Notes in the Margin

On the intersection of web apps, digital content and social media

Social Networks and the Evolution of Collaboration

I’ve recently signed on to a new assignment as head of Business Development for Scrybe, a startup in the social networking space. The application is called Convofy, which at first blush it appears to be very much like a wave of other popular private social networks such as Yammer, Socialcast and Chatter.

source: Geek and Poke

If Enterprise 2.0, like Web 2.0, is centered around people, and relationships, and communities, and being connected, then it’s no wonder these apps have gotten significant attention. Private Social Networks are like Facebook, except that the population of users is limited to everyone with the same email domain, which usually means people within the same organization. Of course, most of these PSNs (including Convofy) now enable people outside your email domain to have limited access if invited.

Purely from a social perspective, these apps are interesting and engaging, like Facebook can be. They become a switchboard of activity associated with the people and groups you work with. This activity can include things like shared links, updates, images and files. On a human level, PSNs can animate and narrate the social side of your organizational work; they can make you feel connected, and add a sense of meaning.

At heart, a PSN is a communication medium, like email or phones. It can also be an informal content-sharing platform. In either case, a PSN can help communicate and coordinate activities within and across groups.

As has been noted by many others, notably analyst Peter O’Kelly, the boundaries between what were once distinct categories of communication, collaboration, information management and web applications are becoming blurred. Because they are free, social, easy to use and immediately gratifying, it is tempting to adopt tools like Yammer to provide the primary channel for your organization’s communication and coordination requirements.

The challenge of course is that, while PSNs confer a sense of connectedness, and both narrate and notify users about work-related matters (and some non-work matters), they generally don’t constitute the environment where the work itself happens. Integrating your organization’s communications with true enterprise, productivity and collaboration applications is a natural evolution for these apps, and PSN vendors are working away at finding ways to be relevant to the arena of real work.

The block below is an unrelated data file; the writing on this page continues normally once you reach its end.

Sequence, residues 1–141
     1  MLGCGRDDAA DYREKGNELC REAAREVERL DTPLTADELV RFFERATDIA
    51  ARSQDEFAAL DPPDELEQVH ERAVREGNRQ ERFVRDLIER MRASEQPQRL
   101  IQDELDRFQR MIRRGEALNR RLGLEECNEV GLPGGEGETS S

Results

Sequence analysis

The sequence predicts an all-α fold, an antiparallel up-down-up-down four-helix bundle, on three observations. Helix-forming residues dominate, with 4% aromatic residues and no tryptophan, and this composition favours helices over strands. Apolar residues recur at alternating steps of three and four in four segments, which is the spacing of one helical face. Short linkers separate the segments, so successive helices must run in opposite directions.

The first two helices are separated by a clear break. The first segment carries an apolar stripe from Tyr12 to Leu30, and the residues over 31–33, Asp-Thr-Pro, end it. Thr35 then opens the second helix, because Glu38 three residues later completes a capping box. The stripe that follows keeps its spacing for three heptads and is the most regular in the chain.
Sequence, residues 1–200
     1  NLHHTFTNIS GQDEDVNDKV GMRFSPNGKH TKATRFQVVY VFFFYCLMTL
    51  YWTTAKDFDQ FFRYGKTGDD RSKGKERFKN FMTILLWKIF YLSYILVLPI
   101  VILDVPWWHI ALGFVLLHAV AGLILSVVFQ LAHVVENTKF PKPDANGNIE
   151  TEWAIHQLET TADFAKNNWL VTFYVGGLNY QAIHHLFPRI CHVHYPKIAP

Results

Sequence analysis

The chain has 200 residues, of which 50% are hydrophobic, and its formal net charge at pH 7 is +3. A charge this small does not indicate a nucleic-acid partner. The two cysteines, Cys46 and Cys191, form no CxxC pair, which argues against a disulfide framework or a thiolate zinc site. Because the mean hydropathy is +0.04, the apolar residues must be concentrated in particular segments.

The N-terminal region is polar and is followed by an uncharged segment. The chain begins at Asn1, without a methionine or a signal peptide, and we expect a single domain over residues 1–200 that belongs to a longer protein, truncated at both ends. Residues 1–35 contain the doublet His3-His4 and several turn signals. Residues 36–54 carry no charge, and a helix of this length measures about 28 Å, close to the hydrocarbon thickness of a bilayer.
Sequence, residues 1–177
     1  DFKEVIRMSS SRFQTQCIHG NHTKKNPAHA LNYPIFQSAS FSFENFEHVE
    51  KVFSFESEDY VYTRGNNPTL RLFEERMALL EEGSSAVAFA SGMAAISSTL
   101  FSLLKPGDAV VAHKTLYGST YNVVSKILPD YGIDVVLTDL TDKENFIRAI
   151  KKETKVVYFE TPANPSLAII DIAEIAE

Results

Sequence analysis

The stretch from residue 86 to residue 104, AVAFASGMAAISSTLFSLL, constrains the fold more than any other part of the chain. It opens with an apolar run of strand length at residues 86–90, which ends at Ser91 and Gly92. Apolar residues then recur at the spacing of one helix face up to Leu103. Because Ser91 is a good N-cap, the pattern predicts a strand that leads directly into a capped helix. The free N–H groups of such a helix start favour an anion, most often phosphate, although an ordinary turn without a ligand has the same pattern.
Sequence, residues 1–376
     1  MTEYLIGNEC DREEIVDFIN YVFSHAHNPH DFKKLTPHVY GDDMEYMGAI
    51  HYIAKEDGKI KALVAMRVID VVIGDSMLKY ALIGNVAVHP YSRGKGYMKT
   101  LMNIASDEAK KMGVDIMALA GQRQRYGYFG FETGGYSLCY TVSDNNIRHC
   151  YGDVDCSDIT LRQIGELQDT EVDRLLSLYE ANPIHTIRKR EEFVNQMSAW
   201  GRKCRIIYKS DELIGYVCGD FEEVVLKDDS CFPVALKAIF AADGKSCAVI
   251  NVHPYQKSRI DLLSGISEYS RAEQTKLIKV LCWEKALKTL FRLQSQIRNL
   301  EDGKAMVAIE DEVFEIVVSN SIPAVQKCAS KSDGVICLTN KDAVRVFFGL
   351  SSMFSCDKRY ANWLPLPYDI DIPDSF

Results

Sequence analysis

• Yammer has a published API, and plans to provide an embeddable widget to include social streams in other applications
  • Socialcast has just announced a lightweight project management app, an environment more closely tied to real work
  • Chatter is particularly effective when used in conjunction with its parent Salesforce.com platform.

Convofy is itself a PSN, with all the aforementioned connectedness and functionality you’d expect from the genre. While Yammer et al are about communication and coordination, they are not actually about collaboration – the process of working together to create, review, revise and publish. By adding true collaboration capability, Convofy makes a giant step toward the convergence suggested by O’Kelly in the diagram above, integrating the communication value of PSNs with real-time sharing, mark-up, annotation and commentary.

As noted in a previous post, by integrating collaboration with a dynamic communication environment, Convofy actually creates new value for people working together to create any kind of digital product, such as text, images, and web pages. What does this mean?

  • It means that you can upload any of the most common desktop file types (Office files, PDF, RTF, etc.) and highlight, annotate and comment directly on their content – directly in the document (as faithfully rendered by Convofy). Highlight a sentence that needs attention, and add a comment directly.
  • It means you can share with your group or organization an image or a photo from over a dozen file types, including PNG, JPG and Photoshop. With the image uploaded, you can draw a circle around elements that need to be tweaked, and add comments to explain your reasoning.
  • It means you can share a link to any public web page, and Convofy will render the complete web page in its collaboration environment, where you can highlight text or images and comment on them. This is incredibly valuable for sharing ideas on the content of a site, whether its published page or a draft that you’re collaborating.

In Convofy, unlike any collaboration tool I’ve ever seem, comments are integrated directly into users’ activity stream – desktop or mobile – so you can more actively engage. And if you’re online at the same time as your colleagues, the collaborative work can proceed even faster through real-time messaging.

Having worked on great collaboration tools like Buzzword, I can say that this is revolutionary. It not only provides collaboration tools for a much broader range of file types, but it makes the annotations and comments immediately relevant and accessible. Your notice is alerted to changes and updates – you don’t have to think about going to look for them. In other words, collaboration enters the main stream.

Yammer et al still are useful and rewarding environments. But if you’re looking to extend your PSN to include real work, especially if you often comment or collaborate with your colleagues, Convofy goes to a level that those other tools can’t touch.

Advertisements

Written by tstaley

September 16, 2011 at 12:05 pm

%d bloggers like this: